When a company discovers that a competitor has filed a trademark application for a brand name that may be deemed confusingly similar to its own, it has an effective alternative to expensive U.S. District Court litigation: oppose the trademark application by filing a notice of opposition with the U.S. Trademark Trial and Appeal Board (“TTAB”).

Here are 3 considerations when considering to file a trademark opposition proceeding:

Step 1:  Know Your Burden of Proof.  As plaintiff, the Opposer always has the burden of proof in a trademark opposition proceeding.  As such, any and all legal grounds for bringing a trademark opposition has an associated burden of proof that the Opposer must meet by a preponderance of the evidence.  For example, if the opposition is based on a likelihood of confusion under Section 2(d) of the U.S. Trademark Act, the TTAB generally will apply the likelihood of confusion factors enunciated in the case In re E. I. du Pont de Nemours & Co., 476 F.2d 1357, 177 USPQ 563 (C.C.P.A. 1973) to determine whether confusion is likely.  In assessing the merits of its case, an Opposer should consider the Dupont factors and any other factors that can impact its case, including any and all affirmative defenses or counterclaims that the Applicant may raise in its defense.

Step 2:  Determine How to Commence Your Claim.  Potential Opposers have a couple of options available to them, including writing a cease and desist letter to the Applicant putting them on notice of its intention to potentially oppose the trademark application.  Alternatively, an Opposer can simply file the Notice of Opposition without notifying the applicant by way of informal letter. In the case of a pre-filing letter, the Opposer should adquately assert its claim of priority in and to its trademark, and request that the applicant immediately withdraw its trademark application.  Opposers can also demand that the trademark applicant either promise not to commence use  of its trademark (in the case of an intent-to-use application filed under Section 1b of the Trademark Act)  or cease use of its mark (if the application is based on use under Section 1a of the Trademark Act).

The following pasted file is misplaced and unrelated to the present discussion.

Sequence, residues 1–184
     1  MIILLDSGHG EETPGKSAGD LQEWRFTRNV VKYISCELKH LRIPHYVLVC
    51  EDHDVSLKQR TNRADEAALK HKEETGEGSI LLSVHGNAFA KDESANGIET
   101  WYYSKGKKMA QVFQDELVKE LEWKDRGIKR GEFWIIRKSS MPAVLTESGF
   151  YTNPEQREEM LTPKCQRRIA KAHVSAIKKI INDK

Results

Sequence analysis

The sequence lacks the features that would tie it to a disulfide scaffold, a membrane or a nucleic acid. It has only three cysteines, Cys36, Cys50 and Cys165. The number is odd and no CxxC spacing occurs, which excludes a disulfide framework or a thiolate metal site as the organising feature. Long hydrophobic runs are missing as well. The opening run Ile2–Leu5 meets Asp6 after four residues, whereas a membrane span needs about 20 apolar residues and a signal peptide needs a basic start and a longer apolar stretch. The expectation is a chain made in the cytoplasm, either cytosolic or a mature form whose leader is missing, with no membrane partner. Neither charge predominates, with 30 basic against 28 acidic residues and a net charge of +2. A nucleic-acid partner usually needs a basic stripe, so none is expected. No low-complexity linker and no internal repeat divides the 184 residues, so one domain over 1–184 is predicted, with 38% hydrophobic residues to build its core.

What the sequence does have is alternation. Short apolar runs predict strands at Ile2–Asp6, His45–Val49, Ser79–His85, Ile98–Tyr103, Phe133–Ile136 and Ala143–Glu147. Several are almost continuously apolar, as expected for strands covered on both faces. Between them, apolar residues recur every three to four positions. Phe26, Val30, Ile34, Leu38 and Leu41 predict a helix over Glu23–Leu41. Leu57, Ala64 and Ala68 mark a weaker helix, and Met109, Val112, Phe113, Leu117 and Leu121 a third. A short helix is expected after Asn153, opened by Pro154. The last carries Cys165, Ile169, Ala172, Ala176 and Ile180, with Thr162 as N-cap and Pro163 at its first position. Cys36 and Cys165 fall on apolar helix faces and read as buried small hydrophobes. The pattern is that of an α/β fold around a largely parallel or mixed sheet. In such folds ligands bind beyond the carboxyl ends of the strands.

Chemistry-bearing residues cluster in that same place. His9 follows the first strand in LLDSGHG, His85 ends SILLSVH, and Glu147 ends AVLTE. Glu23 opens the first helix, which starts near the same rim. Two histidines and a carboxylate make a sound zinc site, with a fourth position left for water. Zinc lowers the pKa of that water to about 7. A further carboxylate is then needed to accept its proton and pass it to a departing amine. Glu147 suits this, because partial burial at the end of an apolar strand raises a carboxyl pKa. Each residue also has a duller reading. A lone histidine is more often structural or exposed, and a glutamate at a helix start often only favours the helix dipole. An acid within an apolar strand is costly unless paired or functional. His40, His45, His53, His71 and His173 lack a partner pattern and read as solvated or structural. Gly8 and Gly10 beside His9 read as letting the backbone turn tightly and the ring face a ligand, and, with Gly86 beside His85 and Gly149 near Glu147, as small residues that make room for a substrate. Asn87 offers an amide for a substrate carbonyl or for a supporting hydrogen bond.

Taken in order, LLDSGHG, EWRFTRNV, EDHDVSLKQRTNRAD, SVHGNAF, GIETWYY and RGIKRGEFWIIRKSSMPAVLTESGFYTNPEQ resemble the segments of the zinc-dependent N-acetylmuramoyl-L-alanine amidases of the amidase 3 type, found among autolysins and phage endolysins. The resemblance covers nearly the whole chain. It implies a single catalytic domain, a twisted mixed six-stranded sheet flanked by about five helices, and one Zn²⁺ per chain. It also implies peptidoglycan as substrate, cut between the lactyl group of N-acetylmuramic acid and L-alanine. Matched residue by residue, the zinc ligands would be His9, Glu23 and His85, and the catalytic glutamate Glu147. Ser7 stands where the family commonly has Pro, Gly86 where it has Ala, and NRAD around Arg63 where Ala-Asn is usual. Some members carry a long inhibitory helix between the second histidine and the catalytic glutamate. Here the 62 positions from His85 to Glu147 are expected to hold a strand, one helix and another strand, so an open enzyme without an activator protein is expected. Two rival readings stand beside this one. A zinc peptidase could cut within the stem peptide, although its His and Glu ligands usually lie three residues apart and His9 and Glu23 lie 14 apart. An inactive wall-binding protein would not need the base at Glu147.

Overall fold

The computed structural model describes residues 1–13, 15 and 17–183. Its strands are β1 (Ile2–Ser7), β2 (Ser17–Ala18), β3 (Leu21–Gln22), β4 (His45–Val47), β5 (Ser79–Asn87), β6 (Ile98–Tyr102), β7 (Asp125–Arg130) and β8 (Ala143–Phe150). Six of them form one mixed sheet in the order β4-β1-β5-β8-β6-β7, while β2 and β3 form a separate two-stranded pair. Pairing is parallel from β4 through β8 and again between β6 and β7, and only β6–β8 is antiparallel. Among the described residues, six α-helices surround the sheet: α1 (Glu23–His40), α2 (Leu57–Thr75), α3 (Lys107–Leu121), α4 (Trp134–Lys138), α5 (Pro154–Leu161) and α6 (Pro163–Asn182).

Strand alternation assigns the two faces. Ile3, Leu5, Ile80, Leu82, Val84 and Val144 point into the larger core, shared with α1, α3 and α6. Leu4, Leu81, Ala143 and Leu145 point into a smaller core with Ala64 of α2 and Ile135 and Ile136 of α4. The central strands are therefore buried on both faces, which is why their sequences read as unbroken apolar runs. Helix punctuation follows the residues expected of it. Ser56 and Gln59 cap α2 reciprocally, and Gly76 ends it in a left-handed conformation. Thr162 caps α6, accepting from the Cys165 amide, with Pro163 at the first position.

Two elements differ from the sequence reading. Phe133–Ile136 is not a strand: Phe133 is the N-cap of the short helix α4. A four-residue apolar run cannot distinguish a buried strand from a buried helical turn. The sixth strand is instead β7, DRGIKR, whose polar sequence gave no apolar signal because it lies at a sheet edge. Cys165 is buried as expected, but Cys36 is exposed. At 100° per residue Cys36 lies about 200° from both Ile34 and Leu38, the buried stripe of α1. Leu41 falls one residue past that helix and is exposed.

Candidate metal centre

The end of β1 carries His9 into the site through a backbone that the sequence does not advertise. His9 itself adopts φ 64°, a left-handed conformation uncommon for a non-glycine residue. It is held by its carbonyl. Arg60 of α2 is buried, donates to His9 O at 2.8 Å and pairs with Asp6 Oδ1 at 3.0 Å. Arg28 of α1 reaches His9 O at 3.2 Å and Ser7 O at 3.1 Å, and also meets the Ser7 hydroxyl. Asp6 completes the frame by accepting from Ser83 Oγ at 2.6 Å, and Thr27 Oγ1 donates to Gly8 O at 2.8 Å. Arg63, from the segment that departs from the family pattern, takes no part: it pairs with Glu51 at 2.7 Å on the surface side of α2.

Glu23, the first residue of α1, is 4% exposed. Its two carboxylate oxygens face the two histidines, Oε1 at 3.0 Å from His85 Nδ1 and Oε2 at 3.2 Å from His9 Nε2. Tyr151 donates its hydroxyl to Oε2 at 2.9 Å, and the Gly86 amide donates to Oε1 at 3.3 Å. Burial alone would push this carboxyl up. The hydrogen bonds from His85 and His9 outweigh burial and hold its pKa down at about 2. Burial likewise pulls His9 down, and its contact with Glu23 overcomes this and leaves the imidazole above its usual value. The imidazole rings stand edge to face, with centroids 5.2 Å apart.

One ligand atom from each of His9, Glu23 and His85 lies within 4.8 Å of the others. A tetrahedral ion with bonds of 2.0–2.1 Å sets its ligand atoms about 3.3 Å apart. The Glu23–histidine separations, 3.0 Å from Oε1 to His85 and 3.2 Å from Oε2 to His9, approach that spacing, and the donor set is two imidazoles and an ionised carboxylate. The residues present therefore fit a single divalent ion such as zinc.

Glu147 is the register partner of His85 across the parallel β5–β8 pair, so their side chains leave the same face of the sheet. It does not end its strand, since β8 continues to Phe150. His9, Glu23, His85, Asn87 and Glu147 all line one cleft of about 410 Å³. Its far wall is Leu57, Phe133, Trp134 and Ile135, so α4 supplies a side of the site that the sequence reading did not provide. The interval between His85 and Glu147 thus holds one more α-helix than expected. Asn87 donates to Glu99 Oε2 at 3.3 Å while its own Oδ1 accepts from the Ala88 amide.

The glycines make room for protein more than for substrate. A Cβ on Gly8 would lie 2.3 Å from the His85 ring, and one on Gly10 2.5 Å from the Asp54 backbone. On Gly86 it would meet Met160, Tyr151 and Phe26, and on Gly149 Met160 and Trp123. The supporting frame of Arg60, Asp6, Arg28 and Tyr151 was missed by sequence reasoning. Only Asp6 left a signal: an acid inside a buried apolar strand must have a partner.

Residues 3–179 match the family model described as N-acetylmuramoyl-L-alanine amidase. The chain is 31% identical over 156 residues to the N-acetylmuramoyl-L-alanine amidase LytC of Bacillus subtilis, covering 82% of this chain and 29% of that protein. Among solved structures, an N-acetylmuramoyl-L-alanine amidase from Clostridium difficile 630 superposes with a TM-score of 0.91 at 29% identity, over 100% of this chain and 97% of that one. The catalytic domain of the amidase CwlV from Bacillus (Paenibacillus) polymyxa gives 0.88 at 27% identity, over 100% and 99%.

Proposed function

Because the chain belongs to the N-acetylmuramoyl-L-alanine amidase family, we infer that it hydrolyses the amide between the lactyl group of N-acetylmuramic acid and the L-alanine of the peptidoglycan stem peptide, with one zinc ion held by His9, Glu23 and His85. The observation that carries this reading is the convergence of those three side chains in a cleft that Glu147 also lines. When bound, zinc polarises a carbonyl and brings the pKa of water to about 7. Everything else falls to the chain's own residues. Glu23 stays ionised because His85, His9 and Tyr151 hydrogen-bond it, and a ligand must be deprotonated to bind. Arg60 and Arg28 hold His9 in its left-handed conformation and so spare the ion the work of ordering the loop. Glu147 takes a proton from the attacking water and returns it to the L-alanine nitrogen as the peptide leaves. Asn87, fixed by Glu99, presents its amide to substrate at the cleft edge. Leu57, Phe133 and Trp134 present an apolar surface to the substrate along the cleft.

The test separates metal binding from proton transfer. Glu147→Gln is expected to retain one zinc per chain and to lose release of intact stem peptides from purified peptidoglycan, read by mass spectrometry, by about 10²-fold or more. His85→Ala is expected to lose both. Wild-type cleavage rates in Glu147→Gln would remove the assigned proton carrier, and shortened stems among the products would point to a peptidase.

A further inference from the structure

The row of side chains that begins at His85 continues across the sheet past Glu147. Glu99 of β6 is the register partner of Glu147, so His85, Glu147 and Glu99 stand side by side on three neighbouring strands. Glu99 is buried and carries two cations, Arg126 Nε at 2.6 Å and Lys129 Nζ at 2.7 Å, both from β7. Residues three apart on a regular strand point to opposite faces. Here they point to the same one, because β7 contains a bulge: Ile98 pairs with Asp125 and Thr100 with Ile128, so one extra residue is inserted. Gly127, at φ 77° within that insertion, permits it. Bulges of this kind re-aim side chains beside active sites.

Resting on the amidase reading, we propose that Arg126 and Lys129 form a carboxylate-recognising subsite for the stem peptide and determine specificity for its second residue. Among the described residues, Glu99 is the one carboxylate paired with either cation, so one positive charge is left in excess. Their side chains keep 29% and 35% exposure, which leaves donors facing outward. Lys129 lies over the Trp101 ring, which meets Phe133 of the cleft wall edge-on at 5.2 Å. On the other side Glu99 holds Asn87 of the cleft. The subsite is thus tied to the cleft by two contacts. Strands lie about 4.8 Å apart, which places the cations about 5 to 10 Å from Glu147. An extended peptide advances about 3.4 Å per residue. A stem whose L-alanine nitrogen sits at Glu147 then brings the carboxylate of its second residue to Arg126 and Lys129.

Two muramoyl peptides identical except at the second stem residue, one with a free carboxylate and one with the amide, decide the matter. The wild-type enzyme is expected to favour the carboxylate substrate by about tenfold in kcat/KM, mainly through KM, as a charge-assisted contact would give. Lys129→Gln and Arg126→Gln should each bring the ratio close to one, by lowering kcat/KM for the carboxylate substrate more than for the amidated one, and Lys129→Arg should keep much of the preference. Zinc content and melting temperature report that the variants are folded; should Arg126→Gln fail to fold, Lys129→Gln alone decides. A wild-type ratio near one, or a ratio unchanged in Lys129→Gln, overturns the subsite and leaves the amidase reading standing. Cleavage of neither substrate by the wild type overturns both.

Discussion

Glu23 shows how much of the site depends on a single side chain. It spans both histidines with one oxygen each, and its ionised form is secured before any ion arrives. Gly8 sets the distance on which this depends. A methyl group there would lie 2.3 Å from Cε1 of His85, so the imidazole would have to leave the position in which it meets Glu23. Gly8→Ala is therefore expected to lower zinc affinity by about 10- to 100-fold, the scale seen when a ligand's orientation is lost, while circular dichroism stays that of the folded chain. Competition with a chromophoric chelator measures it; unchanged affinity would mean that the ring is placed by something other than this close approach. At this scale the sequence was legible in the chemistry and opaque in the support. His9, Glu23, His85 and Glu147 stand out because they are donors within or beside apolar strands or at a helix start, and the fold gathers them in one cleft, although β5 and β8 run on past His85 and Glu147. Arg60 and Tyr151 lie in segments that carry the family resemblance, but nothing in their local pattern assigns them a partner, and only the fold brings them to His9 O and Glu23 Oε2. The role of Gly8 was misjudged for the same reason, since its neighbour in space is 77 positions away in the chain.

Step 3:  File the Notice of Opposition.  Under relevant trademark rules of practice, Opposer’s have 30 days from the date of publication of a trademark in which to file a notice of opposition.  Before filing the Notice, the Opposer’s trademark attorney should adequately explain to the Opposer what a trademark opposition case entails, including all procedural steps that are included, such as pleadings, discovery, and the trial testimony components of the case.  It is also helpful for the attorney who is handling the trademark opposition to discuss with the Opposer potential settlement strategies that may be utilized once the Notice of Opposition proceeding is commenced, to determine whether it may be possible to achieve a favorable, negotiated resolution of the dispute without incurring additional legal fees and costs.

By carefully evaluating the above considerations, brand owners who wish to oppose a trademark application of a competitor may do so with greater confidence and become a better informed client.